Trace the outline upon paper or leather, lay the braid on as directed. Work the centre in Sorrento bars, and on these work a rosette in point d'Angleterre, the edge in point d'Angleterre edging, and the wheels in open English lace.[Illustration: 480.--Star in Point Lace.] * * * * * No. 481.--_Medallion in Point Lace_. Materials: Linen Braid; Messrs. Walter Evans and Co.'s Mecklenburg thread No. 14.
This medallion is useful for cravat ends and for a number of purposes, as trimming for sachets, dresses, &c. Having placed the braid as before directed, work an English rosette in the centre, fill in the ground with point de fillet or with point de Bruxelles. An edging of Spanish point completes this pretty medallion.[Illustration: 481.--Medallion in Point Lace.] * * * * * No. 482.--_Point Lace Border_. Materials: Braid; Messrs. Walter Evans and Co.'s Mecklenburg thread No. 12.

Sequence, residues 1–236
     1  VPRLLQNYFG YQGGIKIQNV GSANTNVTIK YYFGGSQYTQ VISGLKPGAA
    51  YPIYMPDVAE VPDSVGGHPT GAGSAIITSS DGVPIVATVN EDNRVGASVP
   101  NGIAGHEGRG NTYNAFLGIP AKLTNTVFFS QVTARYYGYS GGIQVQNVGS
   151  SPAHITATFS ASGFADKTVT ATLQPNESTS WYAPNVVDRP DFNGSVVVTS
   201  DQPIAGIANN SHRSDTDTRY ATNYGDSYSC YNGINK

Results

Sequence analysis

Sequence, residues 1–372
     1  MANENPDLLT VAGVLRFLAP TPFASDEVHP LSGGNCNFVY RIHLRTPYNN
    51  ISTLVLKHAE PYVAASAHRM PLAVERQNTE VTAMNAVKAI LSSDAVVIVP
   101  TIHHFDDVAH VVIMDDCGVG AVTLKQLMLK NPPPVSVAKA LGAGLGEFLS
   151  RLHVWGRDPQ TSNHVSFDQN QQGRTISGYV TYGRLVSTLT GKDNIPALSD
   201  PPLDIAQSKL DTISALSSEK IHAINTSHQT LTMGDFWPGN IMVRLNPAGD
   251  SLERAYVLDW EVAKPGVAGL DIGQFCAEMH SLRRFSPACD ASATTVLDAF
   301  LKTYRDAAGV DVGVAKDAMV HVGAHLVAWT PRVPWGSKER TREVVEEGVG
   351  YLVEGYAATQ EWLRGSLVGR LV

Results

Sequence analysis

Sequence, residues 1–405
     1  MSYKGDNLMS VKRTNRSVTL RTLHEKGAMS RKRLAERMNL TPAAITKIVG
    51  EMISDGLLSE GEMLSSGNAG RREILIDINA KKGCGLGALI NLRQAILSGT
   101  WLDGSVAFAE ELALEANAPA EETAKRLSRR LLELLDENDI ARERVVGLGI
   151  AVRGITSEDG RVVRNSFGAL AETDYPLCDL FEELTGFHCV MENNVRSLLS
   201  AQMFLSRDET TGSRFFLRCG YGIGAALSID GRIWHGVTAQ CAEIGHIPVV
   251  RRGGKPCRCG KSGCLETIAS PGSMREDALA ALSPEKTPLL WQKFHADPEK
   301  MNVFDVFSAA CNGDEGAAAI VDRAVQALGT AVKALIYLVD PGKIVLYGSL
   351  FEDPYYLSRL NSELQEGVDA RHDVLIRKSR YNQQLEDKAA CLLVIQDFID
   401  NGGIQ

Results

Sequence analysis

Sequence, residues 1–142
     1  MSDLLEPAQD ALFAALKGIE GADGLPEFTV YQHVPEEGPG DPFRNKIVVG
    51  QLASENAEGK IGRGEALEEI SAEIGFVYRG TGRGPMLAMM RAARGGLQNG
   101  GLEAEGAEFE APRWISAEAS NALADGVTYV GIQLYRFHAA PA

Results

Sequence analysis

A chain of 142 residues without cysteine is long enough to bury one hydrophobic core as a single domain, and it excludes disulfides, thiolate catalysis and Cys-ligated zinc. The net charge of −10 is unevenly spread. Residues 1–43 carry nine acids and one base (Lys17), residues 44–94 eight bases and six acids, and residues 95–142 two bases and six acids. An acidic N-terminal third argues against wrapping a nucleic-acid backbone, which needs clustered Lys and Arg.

This border represents the completed work shown on p. 454. A point d'Angleterre rosette is worked in each circle. The plain braid is edged by Sorrento edging. Venice bars are worked above the trimming, and treble point de Venise edges the border.[Illustration: 482.--Point Lace Border.] * * * * *
No. 483.--_Point Lace Border_. Materials: Braid; Messrs. Walter Evans and Co.'s Mecklenburg thread No. 10.This border is both easily and quickly worked in Sorrento bars. The edge is worked in two rows of point de Bruxelles. [Illustration: 483.--Point Lace Border.] * * * * * No. 484.--_Insertion in Limoges Lace_. Materials: Plain linen braid; Messrs. Walter Evans and Co.'s Mecklenburg thread No. 14.
This insertion will be found very useful, being so quickly worked. Edge the braid with Sorrento edging, fill up with bars and plain point d'Alencon and Sorrento wheels, No. 456.[Illustration: 484.--Insertion in Limoges Lace.] * * * * * No. 485--_Point Lace Border for Handkerchief._ Materials: Fine lace braid or cord; Messrs. Walter Evans and Co.'s Mecklenburg thread No. 24.